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HANOVER, N.H. — Medicare fraud has rapidly spread across the United States, and researchers at the Dartmouth Geisel School of Medicine have uncovered new insights into this concerning trend. The team examined the characteristics shared by regions where fraudulent Medicare home healthcare billing was most prevalent. These factors included the sharing of patients among multiple agencies, high expenditure rates in specific regions, rapid increases in rates over time, and the presence of a Department of Justice (DOJ) anti-fraud office. The study also found evidence of a peer effect in agency billings, indicating the local sharing of fraudulent practices among agencies.

Home health agencies (HHAs) play a crucial role in providing medical services to Medicare beneficiaries, such as skilled nursing, in their homes. However, fraudulent behaviors have been observed, including unnecessary billing, kickbacks, and sharing of patient IDs by organized criminal organizations.

The research team developed a network analysis tool called a bipartite mixture (BMIX) index, which allowed them to measure the links between patients and HHAs. By analyzing fee-for-service Medicare claims data, they observed a significant increase in home healthcare activity from 2002 to 2009, with expenditures doubling from $14.9 billion to $33.7 billion.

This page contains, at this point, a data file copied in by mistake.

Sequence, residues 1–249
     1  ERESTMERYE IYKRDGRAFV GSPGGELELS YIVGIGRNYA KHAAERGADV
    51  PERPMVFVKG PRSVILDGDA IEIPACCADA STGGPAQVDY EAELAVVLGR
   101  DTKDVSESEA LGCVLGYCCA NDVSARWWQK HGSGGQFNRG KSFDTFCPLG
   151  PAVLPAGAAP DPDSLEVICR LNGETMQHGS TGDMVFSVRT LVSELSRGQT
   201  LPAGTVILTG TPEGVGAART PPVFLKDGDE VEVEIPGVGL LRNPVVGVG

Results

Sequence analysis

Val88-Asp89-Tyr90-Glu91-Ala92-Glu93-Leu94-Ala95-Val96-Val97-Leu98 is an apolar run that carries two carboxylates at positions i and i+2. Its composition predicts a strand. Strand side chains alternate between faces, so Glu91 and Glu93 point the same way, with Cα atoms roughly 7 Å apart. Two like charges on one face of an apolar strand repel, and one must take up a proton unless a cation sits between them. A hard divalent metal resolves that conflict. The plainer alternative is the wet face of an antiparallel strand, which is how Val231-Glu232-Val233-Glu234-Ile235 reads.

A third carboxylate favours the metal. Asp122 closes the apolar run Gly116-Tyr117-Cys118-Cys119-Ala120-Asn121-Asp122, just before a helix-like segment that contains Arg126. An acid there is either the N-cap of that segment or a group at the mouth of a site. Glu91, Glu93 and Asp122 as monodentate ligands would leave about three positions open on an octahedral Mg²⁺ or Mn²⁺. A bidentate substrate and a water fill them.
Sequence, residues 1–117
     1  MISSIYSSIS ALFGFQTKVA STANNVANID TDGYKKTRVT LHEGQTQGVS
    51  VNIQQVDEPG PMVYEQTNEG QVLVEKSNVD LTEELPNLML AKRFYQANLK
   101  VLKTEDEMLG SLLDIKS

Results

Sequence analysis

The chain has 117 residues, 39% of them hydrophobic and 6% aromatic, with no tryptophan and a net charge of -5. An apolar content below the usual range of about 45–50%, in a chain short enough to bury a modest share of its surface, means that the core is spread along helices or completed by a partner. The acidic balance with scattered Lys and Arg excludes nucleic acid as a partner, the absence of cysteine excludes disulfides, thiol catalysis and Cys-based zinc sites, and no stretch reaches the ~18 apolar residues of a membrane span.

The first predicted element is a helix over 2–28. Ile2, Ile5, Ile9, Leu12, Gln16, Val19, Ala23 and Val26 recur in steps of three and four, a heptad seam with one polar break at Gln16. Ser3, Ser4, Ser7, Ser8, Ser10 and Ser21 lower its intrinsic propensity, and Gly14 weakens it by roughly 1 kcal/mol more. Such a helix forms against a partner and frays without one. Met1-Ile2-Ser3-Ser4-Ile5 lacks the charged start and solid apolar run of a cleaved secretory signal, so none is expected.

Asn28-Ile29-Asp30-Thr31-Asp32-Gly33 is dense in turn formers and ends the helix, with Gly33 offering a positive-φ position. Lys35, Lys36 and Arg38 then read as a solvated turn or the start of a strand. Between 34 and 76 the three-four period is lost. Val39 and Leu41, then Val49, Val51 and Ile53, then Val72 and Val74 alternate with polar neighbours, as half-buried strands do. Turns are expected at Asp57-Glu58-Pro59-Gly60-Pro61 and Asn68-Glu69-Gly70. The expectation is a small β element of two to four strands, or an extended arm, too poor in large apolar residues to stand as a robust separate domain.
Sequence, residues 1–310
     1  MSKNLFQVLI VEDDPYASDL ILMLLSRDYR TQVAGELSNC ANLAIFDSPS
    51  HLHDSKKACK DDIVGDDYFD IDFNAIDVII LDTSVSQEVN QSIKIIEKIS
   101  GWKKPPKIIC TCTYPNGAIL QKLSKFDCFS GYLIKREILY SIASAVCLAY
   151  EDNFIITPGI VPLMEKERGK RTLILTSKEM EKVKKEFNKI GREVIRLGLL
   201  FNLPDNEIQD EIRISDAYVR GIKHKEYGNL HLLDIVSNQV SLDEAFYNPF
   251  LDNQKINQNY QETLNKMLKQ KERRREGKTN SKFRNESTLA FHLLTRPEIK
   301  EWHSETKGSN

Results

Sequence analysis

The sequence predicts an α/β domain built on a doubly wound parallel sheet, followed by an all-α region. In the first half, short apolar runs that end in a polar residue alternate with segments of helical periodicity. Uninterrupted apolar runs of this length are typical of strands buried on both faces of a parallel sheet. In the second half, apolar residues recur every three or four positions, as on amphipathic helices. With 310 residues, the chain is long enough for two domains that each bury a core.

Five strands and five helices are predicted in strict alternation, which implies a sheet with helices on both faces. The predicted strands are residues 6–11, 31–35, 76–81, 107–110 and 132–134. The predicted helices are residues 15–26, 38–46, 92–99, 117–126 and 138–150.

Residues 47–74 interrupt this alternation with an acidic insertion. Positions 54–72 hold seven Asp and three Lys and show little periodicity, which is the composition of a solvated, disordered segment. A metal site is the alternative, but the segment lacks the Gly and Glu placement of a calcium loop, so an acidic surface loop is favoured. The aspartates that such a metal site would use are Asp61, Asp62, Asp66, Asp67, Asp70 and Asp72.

Hospital medical care bill
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The study revealed that fraudulent behavior was concentrated in specific regions, and these regions were also targeted by DOJ anti-fraud offices. For example, in McAllen, Texas and Miami, Florida, Medicare billing per enrollee increased significantly compared to other regions. The study team developed a theoretical economic model to explain the rapid expansion of fraud and where fraudulent behavior is more likely to occur.

“It more or less makes the argument that if the benefits exceed the risks in the eyes of the perpetrators, then it’s more likely that you’ll see this type of fraudulent behavior—where people are willing to risk conviction, fines, and imprisonment to make larger profits,” explains study lead author James O’Malley, MS, Ph.D., in a university release.

The BMIX index showed promise in predicting excessive billing behavior in HHAs, indicating its potential in machine learning approaches to uncovering Medicare fraud. O’Malley hopes that these methods will be utilized by organizations responsible for policing the healthcare system, allowing for early detection and prosecution of violators to save taxpayer money.

The Dartmouth Institute for Health Policy and Clinical Practice leads the way in studying and advancing disruptive models for healthcare delivery. Researchers say their work includes shared decision-making, the introduction of Accountable Care Organizations, and challenging the notion that more healthcare necessarily equates to better care.

The study is published in the journal Social Science & Medicine.

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